How does an anxious, asthmatic child of immigrants navigate religion in the American South? “Zara” is a one person show about identity, God, marijuana, and an actual 400-pound gorilla.
Join us this March for the workshop premiere of "Zara," a brand new one-person show about race, religion, and identity in the American South. “Zara” is a comedic account of an anxious, asthmatic Muslim kid’s search meaning and the chance encounters that impacted him, including a friendship with the man who mugged him and a love affair with marijuana. Drawing on personal stories, philosophy, and the history of monotheism, "Zara" is Andrew Aghapour's story about how identity is inherited and remade in 21st-century America.
The project won the Durham Arts Council’s Catalyst Grant, a program supported by their Annual Arts Fund and the N.C. Arts Council, a division of the Department of Natural & Cultural Resources. Additionally, “Zara” is supported by UNC Chapel Hill's Performing Arts Special Activities Fund and the Humanities for the Public Good Initiative.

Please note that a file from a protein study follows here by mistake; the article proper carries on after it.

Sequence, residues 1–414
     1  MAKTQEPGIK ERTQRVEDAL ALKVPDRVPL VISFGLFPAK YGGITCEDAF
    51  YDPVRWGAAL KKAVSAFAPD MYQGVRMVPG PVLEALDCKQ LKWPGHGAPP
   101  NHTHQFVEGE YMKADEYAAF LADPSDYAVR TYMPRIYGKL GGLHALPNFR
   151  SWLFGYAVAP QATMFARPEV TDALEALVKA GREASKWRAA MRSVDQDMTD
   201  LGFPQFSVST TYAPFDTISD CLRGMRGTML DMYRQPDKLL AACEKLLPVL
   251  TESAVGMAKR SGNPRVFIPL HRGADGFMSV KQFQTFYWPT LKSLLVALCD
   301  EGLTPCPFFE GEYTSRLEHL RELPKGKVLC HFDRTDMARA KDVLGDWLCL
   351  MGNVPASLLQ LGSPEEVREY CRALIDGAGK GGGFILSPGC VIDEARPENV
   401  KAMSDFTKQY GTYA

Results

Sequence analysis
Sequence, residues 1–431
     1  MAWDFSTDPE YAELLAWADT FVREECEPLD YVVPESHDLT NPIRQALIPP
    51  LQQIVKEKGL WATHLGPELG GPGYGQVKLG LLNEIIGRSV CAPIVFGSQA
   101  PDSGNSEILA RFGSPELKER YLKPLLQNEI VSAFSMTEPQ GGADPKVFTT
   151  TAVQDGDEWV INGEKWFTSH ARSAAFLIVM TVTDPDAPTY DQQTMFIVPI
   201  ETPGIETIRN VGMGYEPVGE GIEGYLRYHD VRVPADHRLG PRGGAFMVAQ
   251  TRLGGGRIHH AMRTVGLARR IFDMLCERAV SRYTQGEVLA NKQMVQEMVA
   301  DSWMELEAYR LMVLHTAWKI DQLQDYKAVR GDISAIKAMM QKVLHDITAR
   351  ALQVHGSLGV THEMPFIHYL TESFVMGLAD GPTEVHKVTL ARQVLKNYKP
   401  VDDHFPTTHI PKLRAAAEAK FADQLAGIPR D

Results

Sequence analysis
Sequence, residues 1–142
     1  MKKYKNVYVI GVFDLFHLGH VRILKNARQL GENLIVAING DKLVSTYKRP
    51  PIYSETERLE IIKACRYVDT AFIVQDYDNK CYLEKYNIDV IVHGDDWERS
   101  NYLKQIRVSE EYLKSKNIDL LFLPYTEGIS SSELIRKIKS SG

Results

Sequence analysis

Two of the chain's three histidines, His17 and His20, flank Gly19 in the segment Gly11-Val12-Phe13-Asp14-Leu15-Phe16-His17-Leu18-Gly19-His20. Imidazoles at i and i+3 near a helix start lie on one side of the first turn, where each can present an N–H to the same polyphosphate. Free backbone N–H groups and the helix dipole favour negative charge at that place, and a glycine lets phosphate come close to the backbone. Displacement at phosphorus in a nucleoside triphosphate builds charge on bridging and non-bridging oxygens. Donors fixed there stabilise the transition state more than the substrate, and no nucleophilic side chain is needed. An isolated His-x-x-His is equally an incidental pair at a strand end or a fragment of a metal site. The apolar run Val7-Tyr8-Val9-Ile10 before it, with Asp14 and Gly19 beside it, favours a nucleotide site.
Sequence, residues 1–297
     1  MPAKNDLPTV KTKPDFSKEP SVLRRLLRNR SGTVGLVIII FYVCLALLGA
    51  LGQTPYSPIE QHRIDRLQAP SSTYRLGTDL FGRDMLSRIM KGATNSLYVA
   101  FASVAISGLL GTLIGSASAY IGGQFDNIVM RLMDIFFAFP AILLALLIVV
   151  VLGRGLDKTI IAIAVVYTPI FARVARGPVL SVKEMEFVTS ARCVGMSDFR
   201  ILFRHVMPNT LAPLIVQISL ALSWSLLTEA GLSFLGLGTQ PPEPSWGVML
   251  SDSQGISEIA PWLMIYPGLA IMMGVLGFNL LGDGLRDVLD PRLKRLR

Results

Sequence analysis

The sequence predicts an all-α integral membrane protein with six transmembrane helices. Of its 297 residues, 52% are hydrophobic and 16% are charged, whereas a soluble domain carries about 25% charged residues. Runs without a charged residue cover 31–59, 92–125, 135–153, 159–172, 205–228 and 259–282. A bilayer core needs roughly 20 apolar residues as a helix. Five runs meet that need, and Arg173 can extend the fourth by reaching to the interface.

This special workshop premier features a post-show panel with invited community members to provide feedback and answer audience questions. Special guests include Samah Choudhury, a third year PhD student, specializing in Islamic Studies, and more to be announced.
**Note: Because this is a special presentation, student and other members of the Mettlesome community must buy tickets if they wish to attend**